Preparing for Childbirth

Positions that help you be more comfy and reduce pain in the first stage of labor include standing, walking, sitting or squatting, and laying on either your left or right side. For the safety of you and baby, it's recommended that you avoid lying on your back for prolonged periods of time during labor. When your uterine contractions become very strong or you have been given pain medication, you will probably be asked to remain in bed to avoid injury.

As you complete labor and prepare for birth, your cervix is dilated from 7 or 8 centimeters to 10 centimeters. It becomes even more important for you to focus on relaxing; tensing up and fighting each contraction will only slow labor and exhaust you. However, you may feel the urge to push. Tell your doctors and nurses if you feel this urge. It's very important to resist the urge to push until your cervix is completely dilated and the doctors and nurses have instructed you to do so.

The Second Stage

Also called the "pushing stage," this period starts when your cervix is 10 centimeters dilated and ends with the delivery of your baby. If this is your first baby, this stage may last about one to two hours. If you have previously given birth, it may last 15 to 60 minutes. The pushing stage is the most exhausting and demanding part of labor, but it is also an exciting time, with lots of cheering and praise for your efforts.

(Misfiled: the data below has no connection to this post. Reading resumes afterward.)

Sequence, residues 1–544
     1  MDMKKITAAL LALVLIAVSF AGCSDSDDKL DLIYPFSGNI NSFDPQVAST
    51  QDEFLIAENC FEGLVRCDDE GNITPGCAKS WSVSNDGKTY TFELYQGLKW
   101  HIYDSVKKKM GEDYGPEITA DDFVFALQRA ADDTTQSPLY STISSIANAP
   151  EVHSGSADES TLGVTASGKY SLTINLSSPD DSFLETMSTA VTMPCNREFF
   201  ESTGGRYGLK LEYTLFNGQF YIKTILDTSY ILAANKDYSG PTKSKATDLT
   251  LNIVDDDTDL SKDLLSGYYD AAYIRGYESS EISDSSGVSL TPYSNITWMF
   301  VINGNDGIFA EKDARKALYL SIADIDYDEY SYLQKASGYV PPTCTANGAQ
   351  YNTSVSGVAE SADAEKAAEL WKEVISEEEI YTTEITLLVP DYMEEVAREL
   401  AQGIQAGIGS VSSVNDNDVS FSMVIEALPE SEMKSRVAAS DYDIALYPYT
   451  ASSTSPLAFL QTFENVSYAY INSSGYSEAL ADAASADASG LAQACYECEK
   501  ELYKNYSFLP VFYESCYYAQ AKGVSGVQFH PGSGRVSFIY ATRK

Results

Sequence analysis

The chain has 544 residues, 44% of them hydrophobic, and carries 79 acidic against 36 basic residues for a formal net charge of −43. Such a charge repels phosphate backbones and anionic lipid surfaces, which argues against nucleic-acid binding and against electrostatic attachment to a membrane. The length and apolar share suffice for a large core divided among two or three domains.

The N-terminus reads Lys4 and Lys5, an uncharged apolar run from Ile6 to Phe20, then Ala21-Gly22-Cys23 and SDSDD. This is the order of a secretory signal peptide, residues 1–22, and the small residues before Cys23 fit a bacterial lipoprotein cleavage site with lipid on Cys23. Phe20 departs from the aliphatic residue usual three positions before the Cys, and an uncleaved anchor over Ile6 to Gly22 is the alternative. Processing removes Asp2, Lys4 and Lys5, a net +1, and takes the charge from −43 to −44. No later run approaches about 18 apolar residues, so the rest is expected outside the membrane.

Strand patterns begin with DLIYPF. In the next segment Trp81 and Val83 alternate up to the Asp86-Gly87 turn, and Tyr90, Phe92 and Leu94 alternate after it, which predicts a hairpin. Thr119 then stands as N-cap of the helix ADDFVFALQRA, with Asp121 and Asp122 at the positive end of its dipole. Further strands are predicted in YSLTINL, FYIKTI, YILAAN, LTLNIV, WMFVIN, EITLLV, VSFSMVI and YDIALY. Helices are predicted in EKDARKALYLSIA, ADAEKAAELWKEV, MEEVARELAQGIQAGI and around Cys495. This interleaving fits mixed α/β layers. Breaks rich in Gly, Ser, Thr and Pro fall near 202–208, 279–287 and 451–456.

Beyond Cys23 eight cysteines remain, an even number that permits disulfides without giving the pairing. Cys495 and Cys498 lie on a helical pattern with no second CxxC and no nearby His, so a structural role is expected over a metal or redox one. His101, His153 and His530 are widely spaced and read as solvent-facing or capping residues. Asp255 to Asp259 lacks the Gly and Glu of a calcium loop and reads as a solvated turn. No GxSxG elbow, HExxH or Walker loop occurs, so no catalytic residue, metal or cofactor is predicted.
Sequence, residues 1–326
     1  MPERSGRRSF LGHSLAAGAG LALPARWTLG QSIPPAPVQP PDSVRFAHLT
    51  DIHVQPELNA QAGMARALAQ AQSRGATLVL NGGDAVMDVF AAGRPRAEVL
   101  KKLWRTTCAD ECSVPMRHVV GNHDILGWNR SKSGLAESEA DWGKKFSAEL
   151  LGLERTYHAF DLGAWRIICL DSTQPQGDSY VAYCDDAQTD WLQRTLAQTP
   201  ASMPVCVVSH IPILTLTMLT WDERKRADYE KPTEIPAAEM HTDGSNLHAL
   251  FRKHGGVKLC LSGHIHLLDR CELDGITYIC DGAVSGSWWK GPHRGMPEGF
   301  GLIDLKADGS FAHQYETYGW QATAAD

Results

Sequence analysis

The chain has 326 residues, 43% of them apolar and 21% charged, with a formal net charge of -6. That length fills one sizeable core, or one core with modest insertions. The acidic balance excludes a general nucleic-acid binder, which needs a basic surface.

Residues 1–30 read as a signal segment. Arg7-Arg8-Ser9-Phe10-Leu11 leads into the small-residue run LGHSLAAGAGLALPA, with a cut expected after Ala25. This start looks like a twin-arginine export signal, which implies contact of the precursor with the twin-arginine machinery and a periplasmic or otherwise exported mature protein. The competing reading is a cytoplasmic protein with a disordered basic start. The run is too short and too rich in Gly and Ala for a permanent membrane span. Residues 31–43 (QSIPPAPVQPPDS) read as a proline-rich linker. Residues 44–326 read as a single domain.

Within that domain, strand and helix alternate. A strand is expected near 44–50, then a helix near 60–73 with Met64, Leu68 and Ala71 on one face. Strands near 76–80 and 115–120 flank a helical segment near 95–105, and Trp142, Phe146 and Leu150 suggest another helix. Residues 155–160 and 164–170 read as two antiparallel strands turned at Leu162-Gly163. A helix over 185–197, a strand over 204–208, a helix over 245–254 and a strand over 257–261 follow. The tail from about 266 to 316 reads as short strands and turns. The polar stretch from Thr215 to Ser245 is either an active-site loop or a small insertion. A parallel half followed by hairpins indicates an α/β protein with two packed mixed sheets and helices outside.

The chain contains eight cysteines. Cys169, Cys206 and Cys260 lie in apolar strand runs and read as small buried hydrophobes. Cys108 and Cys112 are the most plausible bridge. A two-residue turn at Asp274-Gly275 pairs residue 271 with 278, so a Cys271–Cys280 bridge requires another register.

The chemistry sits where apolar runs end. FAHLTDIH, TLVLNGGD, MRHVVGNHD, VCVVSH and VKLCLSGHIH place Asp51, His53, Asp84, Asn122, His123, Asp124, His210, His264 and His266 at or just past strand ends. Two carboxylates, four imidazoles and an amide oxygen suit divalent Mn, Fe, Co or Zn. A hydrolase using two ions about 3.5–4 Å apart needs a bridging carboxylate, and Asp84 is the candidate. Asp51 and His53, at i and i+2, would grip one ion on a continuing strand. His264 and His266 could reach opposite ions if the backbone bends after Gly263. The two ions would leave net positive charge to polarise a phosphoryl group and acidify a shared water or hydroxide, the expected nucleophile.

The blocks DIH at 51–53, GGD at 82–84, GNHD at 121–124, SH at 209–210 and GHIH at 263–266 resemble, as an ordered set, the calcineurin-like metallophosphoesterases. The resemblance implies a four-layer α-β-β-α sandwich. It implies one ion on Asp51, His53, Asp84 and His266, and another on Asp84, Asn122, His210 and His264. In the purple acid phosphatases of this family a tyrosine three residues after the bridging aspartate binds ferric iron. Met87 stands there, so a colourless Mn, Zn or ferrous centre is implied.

There are many positions for pushing -- decide which will work best for you. You may use several different positions during the pushing phase. Whatever position helps you feel the most comfortable is most likely the one you should use.

You will be directed to push with each contraction in order to move the bay down and out the birth canal. An episiotomy, if necessary, is usually done at this time. This incision is made into the area between your vagina and rectum (perineum). It enlarges the vaginal opening and protects the surrounding area from tearing.

As your baby's head is being delivered, you may be asked to stop pushing so that excess mucus can be suctioned from the baby's nose and mouth. This is an exciting and intense time. You know that the baby is almost here and may be tempted to push as hard as you can to get the baby out quickly. It's important not to push hard at this time because a sudden push could make the baby come out too quickly and could damage your perineum. Wait until our doctors and nurses instruct you to push again, and then let your uterus do most of the work. This will allow our doctors and nurses to safely deliver your baby. Babies usually begin to cry on their own, and you can now see and perhaps hold your baby.

The Third Stage

This stage begins after the delivery of your baby and ends with the delivery of the placenta, which usually occurs within 5 to 30 minutes. You'll continue to have mild contractions during this time and you might be asked to push to assist in the delivery of the placenta. Your chosen healthcare providers will examine you and the placenta to make sure the entire placenta is delivered. After the delivery of the placenta, the episiotomy or tear will be repaired if necessary.

The Fourth Stage

This is the 1 to 4 hour period of time after delivery of the placenta. During this stage, the mother's body stabilizes. Your pulse, blood pressure and respiratory rate will be taken frequently. Your vaginal area will be checked for bleeding. A nurse may massage your uterus or instruct you to do so. This helps the uterus to contract and will help to reduce blood loss. After the excitement and the work of the delivery is done, you may feel tired, thirsty, and even hungry. Now is the time to relax and take pride in your amazing accomplishment.